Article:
260           Specifically, the NBCUniversal broadcast conditions and commitments will continue in effect, ensuring the continued protection of over-the-air broadcast television and the continued availability of broadcast programming to consumers.  In connection with the acquired systems, in accordance with the NBCUniversal conditions, Comcast will honor all existing non-duplication protections against the importation of another affiliate broadcast station signal into the local market of an NBC Local Affiliate.  In addition, Comcast will be prohibited from receiving a direct linear feed of NBCUniversal network programming in the event of a retransmission dispute in any TWC or Charter system.  In the NBCUniversal transaction, the Commission considered these protections to be key to ameliorating any potential harm to over-the-air broadcasting, and the extension of these conditions and commitments to the acquired systems will have the same effect here.
261           See Press Release, Comcast Corp., NBC Clinches First Full Season Win in 10 years (Sept. 16, 2014), http://corporate.comcast.com/news-information/news-feed/nbc-clinches-first-full-season-win-in-10-years.
262           See Press Release, Comcast Corp., IOC Awards Olympic Games Broadcast Rights to NBCUniversal Through to 2032 (May 7, 2014), http://corporate.comcast.com/news-information/news-feed/olympics-nbcuniversal-2032-agreement; Press Release, Comcast Corp., NBC Sports Adds NFL Divisional Playoff Game to Postseason Schedule (Apr. 22, 2014), http://corporate.comcast.com/comcast-voices/nbc-sports-adds-nfl-divisional-playoff-game-to-postseason-schedule; Press Release, Comcast Corp., Back on Top:  NBC Wins the 2013-14 Season (May 20, 2014), http://corporate.comcast.com/news-information/news-feed/nbc-wins-the-2013-14-primetime-television-season; Press Release, Comcast Corp., Comcast and NBCUniversal Partner to Use Dynamic Ad Insertion for On Demand Programming (July 26, 2011), http://corporate.comcast.com/news-information/news-feed/comcast-and-nbcuniversal-partner-to-use-dynamic-ad-insertion-for-on-demand-programming.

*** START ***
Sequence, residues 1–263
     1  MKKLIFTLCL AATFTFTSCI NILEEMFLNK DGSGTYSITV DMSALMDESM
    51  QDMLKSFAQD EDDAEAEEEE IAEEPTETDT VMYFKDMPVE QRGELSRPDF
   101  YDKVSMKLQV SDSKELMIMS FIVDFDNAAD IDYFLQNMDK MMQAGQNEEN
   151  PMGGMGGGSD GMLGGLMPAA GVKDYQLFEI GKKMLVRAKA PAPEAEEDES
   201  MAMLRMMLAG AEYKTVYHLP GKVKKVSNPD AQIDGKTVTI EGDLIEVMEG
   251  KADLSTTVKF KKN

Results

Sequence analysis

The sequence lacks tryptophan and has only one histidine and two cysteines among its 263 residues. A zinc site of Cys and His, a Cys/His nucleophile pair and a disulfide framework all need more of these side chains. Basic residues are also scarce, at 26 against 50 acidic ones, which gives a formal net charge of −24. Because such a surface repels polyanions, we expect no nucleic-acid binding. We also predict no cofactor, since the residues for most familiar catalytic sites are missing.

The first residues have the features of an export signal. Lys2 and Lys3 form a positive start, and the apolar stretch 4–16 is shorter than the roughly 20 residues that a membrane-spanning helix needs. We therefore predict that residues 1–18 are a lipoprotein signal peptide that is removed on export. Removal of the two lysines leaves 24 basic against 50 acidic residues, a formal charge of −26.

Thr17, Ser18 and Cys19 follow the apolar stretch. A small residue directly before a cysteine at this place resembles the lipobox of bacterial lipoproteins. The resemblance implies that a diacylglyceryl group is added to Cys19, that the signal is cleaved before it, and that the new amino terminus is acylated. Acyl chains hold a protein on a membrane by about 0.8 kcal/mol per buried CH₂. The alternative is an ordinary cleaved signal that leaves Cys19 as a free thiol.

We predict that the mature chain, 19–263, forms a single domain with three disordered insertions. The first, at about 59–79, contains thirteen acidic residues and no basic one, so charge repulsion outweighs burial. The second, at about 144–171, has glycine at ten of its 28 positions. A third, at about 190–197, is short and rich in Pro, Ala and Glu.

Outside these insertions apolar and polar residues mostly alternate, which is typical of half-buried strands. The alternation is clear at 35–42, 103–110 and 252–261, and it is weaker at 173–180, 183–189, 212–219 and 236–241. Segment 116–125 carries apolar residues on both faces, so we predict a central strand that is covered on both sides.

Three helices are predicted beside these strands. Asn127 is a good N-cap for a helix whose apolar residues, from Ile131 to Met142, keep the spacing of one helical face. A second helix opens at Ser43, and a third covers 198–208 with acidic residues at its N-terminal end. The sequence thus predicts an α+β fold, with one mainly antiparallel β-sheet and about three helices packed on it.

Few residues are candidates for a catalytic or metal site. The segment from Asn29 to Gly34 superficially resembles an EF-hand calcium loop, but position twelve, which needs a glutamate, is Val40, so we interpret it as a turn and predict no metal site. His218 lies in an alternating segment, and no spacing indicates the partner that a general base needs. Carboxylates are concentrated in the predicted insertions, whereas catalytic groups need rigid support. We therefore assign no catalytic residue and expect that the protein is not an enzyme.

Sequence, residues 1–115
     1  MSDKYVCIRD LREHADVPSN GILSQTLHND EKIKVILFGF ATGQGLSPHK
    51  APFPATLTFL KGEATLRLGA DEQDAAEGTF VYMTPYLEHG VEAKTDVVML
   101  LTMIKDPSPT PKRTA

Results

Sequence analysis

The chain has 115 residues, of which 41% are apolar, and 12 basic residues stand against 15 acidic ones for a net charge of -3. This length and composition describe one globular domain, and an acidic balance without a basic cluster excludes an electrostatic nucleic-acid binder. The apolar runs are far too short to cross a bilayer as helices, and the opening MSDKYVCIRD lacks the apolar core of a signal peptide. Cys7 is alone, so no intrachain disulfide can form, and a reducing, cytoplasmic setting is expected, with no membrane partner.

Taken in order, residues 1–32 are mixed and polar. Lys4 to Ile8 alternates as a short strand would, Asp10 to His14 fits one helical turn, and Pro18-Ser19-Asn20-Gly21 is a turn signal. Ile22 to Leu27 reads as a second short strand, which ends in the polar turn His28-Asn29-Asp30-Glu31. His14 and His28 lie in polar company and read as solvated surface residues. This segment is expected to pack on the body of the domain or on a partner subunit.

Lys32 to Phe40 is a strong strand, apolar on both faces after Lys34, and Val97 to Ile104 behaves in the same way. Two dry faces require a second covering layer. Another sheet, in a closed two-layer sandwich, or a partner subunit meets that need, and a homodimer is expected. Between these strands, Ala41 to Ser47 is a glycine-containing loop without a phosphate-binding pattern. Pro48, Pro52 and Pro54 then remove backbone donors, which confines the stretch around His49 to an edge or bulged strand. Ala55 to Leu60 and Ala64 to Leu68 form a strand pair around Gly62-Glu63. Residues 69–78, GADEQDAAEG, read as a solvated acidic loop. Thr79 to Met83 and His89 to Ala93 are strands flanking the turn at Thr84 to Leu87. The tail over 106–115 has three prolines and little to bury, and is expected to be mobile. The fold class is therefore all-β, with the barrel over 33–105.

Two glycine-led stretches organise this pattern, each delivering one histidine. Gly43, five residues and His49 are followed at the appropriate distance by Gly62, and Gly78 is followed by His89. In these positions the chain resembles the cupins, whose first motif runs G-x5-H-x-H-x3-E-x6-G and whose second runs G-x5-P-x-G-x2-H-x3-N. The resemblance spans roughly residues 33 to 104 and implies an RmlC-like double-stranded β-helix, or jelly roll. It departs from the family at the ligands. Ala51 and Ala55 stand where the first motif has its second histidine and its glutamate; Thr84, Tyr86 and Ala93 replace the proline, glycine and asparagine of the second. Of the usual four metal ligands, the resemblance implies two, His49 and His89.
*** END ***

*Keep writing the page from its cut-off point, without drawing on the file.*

263           While Sinclair Broadcasting, the NBC Affiliates, and a few other commenters raise various issues and seek self-serving benefits as part of this review proceeding and order on the Transaction, none of these requests or proposed conditions is transaction-specific or otherwise warranted, as discussed in Section IV.C.3.a-b below.
 

 
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Diversity Commitments.  As demonstrated in the Public Interest Statement and in Comcast’s diversity, social responsibility, and compliance reports,264 Comcast is strongly committed to diversity and inclusion.  Comcast believes that promoting diversity and inclusion enhances efficiency, innovation, and competition, and provides additional value to customers, while contributing to the creation of jobs and building wealth within diverse communities.  Comcast is recognized nationally for its comprehensive commitment to promoting diversity, and has received over 100 awards in the past three years for its leadership in this area from a wide array of organizations.265  Just last week, Comcast improved its ranking in Hispanic Business’s 2014 Report on “Best Companies for Diversity Practices” to No. 5, with high scores in workforce, supplier diversity, and community outreach.  Comcast is also featured in this report as one of the “17 Stalwarts of Diversity,” meaning that it is one of the 17 companies nationally that have been on the Hispanic Business top company list since 2005.266